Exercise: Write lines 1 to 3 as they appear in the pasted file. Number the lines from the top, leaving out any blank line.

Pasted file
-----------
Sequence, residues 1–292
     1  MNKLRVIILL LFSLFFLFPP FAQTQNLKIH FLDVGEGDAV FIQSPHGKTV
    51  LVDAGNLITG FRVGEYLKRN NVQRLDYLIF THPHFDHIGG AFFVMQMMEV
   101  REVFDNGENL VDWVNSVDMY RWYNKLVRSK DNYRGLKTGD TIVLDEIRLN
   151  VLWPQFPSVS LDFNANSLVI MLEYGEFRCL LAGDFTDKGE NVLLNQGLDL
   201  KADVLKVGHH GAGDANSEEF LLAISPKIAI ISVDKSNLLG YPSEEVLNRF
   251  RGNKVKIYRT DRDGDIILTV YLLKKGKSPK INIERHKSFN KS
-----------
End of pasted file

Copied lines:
Sequence, residues 1–292
     1  MNKLRVIILL LFSLFFLFPP FAQTQNLKIH FLDVGEGDAV FIQSPHGKTV
    51  LVDAGNLITG FRVGEYLKRN NVQRLDYLIF THPHFDHIGG AFFVMQMMEV